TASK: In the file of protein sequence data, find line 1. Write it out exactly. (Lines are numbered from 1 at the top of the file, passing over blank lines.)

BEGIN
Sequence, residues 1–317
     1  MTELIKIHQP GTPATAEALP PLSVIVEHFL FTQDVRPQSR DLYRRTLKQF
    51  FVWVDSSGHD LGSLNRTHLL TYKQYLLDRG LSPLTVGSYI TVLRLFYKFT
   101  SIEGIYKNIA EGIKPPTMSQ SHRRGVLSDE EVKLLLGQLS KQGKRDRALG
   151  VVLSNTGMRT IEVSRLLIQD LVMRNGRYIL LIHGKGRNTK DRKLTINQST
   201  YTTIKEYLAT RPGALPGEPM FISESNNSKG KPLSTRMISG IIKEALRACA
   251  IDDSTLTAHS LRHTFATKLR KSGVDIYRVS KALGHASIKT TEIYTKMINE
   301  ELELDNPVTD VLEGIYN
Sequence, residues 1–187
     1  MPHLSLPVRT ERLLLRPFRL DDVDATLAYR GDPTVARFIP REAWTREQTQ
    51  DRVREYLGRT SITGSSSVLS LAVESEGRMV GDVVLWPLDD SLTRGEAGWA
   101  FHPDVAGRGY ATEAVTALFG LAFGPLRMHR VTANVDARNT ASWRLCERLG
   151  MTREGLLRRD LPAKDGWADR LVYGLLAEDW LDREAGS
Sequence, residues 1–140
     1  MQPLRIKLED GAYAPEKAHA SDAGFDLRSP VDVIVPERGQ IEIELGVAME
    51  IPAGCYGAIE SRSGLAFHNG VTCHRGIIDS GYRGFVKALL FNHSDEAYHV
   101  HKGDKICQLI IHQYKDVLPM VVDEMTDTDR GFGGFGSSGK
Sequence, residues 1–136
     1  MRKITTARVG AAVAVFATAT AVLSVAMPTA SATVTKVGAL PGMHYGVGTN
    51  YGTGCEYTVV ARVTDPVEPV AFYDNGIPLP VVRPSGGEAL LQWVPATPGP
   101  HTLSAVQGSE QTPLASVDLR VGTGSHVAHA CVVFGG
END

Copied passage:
Sequence, residues 1–317